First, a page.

The mediator topology pattern is used with systems that need orchestration to process events (e.g. steps for different stages of a relatively complex data flow). Let’s say if you are oder something from an e-commerce website, a series of events will be fired after you confirm paymet, e.g. subtract stock number, send order to fulfilment, calc VAT, send order to finance, wait for approval, send confirmation email, etc. A mediator is much needed in this case to decide the sequences of each steps and whether some can be grouped together to be processed in parallel.

The flow starts with producers sending events (called “initial event”) to the mediator, and once it is received, the mediator will coordinate the events by sending them asynchronously (“processing event”) through event channels (message queues or topics) for the corresponding processors to pick it up.

Note the mediator does not perform business logic on the initial event but it dispatches it to the steps required.

  • Broker topology:

The broker topology pattern is used with event flow that is relatively simple and does not require extra coordination. There is no mediator selectively sending messages to different processors in this pattern as it relies on the processors to respond to the events.

The broker serves as a pipe among different processors and can form a chain of events(like a relay race): Processor/Producer A emits event Aa → Broker → Processor B processes it and emits event Bb → Broker → Processor C processes it and emits event Cc →Broker…

This can continue until there’s no more events published for that business process.

Event Processing:

  • Simple event processing patterns (SEP): An event from a publisher immediately triggers an action from subscriber.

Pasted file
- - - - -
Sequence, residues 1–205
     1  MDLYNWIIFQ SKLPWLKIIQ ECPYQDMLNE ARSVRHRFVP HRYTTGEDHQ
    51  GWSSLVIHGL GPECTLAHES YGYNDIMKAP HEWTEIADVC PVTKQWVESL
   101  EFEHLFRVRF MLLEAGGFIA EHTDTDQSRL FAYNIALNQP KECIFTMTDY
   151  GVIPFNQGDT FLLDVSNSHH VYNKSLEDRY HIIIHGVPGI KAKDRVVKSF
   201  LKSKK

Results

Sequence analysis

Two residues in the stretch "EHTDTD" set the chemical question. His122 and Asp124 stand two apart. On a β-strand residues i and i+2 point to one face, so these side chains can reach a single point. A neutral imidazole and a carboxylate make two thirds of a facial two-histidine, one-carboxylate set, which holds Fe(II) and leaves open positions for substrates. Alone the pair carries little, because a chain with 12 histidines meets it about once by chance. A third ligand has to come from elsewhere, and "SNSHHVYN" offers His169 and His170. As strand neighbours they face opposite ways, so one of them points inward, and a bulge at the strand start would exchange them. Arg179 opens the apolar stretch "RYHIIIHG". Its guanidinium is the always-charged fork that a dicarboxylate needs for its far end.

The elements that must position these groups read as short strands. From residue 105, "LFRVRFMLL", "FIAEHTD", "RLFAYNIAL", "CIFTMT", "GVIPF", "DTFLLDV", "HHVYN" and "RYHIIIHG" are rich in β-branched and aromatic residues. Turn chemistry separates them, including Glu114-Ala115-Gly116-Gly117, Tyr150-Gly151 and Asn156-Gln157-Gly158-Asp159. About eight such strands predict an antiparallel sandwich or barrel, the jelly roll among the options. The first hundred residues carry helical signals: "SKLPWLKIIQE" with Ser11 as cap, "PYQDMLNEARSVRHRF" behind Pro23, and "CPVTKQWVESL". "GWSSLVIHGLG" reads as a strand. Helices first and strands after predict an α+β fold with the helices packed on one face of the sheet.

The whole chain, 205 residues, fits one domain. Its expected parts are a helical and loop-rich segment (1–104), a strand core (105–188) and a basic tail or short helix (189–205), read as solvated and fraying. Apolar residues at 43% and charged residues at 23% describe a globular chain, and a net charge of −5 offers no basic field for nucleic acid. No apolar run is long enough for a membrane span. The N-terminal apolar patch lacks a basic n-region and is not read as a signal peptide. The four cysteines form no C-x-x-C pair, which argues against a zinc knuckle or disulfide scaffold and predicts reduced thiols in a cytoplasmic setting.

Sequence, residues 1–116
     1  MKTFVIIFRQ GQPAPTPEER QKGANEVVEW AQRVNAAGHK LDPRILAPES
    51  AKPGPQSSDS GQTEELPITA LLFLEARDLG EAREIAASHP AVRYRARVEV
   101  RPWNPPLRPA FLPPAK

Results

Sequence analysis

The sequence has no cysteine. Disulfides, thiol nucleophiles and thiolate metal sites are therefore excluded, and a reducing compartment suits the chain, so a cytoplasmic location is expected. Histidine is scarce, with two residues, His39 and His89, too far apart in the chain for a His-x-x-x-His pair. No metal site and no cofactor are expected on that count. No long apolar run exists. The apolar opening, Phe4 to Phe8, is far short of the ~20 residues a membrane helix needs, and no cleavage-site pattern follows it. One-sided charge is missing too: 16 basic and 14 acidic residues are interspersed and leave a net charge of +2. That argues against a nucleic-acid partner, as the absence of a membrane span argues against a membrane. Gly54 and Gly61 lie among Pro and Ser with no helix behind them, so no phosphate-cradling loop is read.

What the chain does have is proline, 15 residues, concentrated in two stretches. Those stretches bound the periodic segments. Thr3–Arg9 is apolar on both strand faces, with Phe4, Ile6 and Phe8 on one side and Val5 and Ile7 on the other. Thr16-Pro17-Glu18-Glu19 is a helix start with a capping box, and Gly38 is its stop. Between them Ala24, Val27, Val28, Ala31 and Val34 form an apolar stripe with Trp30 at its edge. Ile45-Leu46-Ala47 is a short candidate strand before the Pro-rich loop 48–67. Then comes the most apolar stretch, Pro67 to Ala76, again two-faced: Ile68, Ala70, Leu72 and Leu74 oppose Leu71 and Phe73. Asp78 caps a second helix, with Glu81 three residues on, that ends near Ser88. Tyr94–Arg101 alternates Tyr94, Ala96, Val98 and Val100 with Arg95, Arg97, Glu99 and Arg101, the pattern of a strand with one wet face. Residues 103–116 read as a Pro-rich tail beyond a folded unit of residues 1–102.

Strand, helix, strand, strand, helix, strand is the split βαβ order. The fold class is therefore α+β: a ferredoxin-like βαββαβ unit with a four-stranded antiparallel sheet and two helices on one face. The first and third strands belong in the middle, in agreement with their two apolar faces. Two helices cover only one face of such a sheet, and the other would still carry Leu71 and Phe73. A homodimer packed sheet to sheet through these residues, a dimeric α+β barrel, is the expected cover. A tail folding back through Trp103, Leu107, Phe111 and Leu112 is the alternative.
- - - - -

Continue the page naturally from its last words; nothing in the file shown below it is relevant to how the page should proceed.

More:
• Event stream processing patterns (ESP)
  • Complex event processing patterns (CEP)

Event Modelling

  • Event types: Use this to classify events under different business domains and apply hierarchy structure to break down the dependencies of each other. This is mainly used for routing.
  • Event schema: Event schema contains event metadata (such as name, time stamp, source) and payload (data regarding the change of state) . Metadata is very useful for correlating and ordering, as well as filtering.
  • Versioning: Just like versioning for API, you should version your event model.
  • Serialisation: Different formats have its pros and cons. While Json is human readable, it has performance costs, and protobuf as a binary format is very efficient, but is difficult to debug.
  • Partitioning. The partitioning is important for concurrent processing of events. See Kafka as an example.
  • Ordering: Some events require strict ordering while others not. This is very much depending on your business requirements.
  • Storage: Events can be transient, e.g. with streaming data. But you might want to store events persistently somewhere else or have customised policy on its removal and retention.

This is an example event model from AWS EventBridge:

{
"version": "0",
"id": "6a7e8feb-b491-4cf7-a9f1-bf3703467718",
"detail-type": "EC2 Instance State-change Notification",
"source": "aws.ec2",
"account": "111122223333",
"time": "2017-12-22T18:43:48Z",
"region": "us-west-1",
"resources": [
"arn:aws:ec2:us-west-1:123456789012:instance/i-1234567890abcdef0"
],
"detail": {
"instance-id": " i-1234567890abcdef0",
"state": "terminated"
}
}

Lastly, Message Queue vs. Message Broker

One might wonder the differences between a message queue and a message broker, which we will illustrate more in the examples later on with SQS, and EventBridge. But in brief, a MQ is like a tunnel or a medium that can move data between applications(stateless). It often serves as a buffer to decouple the message sending/handling logic between applications.

Message brokers is built on top of message queues and has wider capabilities especially on understanding the context of the messages sent to them:

  • Filter: routes messages based on predefined matching policies.
  • Transform: tweak and modify message formats/contents before sending to the consumer..

That’s pretty much of it!

Happy Reading!